If you want to know how sexy was defined in the 80s…you need to see Body Heat! William Hurt, Kathleen Turner, a very young Ted Danson, and even freaking Mickey Rourke! This steamy Lawrence Kasdan noir drama definitely has the sizzle. After you watch this film, you will never see wind chimes the same again.
But I want to talk about the Literary Archetype of the Femme Fatale, French for Fatal Woman. That should tell you something. It’s a female character that somehow manages to manipulate men through charm, deception, sexual wiles, or even physical force. In the archetypes original state, it was even believe she could use supernatural means.
One key element to the femme fetale M.O. is that she often plays the victim or someone trapped in a situation that she needs help escaping. But make no mistake…these women are villainous and morally ambiguous which makes them fascinating character studies.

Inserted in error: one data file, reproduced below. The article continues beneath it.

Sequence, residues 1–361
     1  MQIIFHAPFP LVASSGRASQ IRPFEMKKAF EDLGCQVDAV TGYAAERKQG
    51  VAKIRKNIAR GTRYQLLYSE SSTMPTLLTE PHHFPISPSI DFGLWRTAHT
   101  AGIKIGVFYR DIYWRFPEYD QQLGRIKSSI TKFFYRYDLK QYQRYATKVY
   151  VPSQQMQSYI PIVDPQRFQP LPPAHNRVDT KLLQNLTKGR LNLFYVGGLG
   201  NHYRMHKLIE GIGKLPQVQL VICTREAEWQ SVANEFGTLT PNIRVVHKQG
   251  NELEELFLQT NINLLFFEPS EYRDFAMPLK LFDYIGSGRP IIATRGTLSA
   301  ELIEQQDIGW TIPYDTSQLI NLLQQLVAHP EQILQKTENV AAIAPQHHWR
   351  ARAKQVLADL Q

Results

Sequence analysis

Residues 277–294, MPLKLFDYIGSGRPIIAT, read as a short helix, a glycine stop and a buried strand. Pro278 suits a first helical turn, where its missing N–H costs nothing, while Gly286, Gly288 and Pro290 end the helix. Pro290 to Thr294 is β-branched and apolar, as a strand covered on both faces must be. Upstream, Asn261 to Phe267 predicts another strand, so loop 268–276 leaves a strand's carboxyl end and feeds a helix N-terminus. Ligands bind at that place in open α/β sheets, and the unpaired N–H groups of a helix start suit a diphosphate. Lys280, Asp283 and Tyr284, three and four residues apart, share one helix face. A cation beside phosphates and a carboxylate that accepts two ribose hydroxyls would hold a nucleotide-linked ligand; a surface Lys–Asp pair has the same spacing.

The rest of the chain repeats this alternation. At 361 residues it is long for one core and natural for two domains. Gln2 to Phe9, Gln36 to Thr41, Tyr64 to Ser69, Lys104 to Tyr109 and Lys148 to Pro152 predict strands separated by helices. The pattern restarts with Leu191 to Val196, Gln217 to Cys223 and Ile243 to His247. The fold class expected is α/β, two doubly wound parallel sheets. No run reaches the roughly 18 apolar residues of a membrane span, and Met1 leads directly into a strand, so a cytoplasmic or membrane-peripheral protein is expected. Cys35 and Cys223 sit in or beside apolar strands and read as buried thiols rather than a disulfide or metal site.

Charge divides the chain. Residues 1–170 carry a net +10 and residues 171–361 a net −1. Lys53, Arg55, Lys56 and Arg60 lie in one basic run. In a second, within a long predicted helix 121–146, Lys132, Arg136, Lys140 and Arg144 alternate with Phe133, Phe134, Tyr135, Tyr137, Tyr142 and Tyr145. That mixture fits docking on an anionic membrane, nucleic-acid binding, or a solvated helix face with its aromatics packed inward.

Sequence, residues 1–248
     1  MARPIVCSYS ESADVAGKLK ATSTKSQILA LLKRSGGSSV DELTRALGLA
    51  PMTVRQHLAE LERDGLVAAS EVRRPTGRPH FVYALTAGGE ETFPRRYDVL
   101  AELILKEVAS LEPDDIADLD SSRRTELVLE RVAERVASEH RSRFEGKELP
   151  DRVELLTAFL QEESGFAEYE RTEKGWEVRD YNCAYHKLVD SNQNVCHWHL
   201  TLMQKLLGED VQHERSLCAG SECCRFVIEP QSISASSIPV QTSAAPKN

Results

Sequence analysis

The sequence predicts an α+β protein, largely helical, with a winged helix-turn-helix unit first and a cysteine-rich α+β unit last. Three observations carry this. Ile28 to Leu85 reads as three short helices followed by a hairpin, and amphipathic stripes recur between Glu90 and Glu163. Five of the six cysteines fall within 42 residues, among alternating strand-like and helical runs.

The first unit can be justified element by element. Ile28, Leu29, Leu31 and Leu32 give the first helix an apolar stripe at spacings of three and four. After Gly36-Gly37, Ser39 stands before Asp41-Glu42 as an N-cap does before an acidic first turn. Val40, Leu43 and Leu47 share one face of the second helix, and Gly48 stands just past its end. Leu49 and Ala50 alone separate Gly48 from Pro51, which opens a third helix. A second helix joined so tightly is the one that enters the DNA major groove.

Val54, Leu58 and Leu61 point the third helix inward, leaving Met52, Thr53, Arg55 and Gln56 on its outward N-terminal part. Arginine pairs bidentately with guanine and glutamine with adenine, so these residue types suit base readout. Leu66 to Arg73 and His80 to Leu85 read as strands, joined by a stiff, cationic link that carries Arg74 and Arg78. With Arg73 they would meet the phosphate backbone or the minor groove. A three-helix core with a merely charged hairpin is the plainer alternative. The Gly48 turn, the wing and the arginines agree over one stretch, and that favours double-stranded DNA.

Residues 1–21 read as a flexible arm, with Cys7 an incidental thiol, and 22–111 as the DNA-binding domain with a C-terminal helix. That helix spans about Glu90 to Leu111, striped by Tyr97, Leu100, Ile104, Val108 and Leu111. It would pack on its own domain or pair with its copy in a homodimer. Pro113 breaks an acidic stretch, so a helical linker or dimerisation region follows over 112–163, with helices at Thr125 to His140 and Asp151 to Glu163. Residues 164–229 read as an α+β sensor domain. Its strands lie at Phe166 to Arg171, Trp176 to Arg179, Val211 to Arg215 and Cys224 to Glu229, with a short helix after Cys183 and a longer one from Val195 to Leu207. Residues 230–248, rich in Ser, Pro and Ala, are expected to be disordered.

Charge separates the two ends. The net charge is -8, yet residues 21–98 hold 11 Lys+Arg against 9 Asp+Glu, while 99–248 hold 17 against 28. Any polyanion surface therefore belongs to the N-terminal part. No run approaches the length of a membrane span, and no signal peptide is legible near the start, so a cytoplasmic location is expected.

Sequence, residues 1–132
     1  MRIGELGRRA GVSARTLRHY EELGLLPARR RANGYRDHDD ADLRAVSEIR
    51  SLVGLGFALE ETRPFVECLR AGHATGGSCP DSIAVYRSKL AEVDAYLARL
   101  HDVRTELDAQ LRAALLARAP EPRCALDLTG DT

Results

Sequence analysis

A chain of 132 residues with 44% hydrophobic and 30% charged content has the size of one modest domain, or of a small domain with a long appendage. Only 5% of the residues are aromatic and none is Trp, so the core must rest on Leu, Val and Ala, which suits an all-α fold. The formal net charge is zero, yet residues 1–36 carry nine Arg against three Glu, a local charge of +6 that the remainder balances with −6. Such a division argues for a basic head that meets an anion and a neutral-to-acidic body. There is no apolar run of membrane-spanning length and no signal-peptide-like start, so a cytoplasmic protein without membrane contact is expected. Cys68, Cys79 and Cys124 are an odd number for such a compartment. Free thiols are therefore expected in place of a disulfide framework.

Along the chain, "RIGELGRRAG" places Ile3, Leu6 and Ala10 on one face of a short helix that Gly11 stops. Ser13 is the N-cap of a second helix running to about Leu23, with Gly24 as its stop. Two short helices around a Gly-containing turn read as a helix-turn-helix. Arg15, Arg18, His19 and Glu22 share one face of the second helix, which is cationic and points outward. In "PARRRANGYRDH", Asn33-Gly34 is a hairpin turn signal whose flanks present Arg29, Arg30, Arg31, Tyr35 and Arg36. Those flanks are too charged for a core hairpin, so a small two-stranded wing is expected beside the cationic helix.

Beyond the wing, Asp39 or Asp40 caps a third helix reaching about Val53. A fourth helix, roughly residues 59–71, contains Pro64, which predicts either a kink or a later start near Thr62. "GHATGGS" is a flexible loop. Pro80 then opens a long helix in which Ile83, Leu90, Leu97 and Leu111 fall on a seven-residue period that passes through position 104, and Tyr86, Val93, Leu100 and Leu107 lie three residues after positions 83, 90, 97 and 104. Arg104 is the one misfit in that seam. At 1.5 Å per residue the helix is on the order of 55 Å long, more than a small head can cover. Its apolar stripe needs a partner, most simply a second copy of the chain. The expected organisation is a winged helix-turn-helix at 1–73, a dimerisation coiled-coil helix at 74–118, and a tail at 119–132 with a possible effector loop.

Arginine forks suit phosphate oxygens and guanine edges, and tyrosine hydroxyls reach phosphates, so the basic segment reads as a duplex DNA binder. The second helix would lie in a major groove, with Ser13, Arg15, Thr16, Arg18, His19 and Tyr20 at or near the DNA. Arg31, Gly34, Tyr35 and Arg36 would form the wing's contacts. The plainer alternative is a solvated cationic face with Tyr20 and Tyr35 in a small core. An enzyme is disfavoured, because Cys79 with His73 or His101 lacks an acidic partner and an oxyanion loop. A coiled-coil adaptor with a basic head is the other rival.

Kathleen Turner’s Matty Walker has ALL of these elements. It’s not until the very end of the story that we see just how calculating and manipulative and utterly evil this character really is…and THAT is good storytelling!
The femme fetale archetype goes way back to the Greeks: the Sirens, Circe, Aphrodite, Medea, Clytemnestra, and even Helen of Troy. There’s Morgan le Fay from the King Arthur legends and The Queen of the Night from Mozart’s opera The Magic Flute. It took the Marquis de Sade to turn the femme fetale into a character that is a heroine. Oscar Wilde agreed and cast his femme fetale as Salome in his play of the same name.
Sociologist suggest that the femme fetale is so powerful because she is a direct challenge to man dominance while appearing weak, but being fully in control. She is a master of deception and ultimately uses the perceived weaknesses of the feminine to outwit, manipulate, and ultimately control the masculine. I feel this is why this archetype is such a powerful and captivating one. And Kathleen Turner gives us a memorable almost textbook example in Body Heat.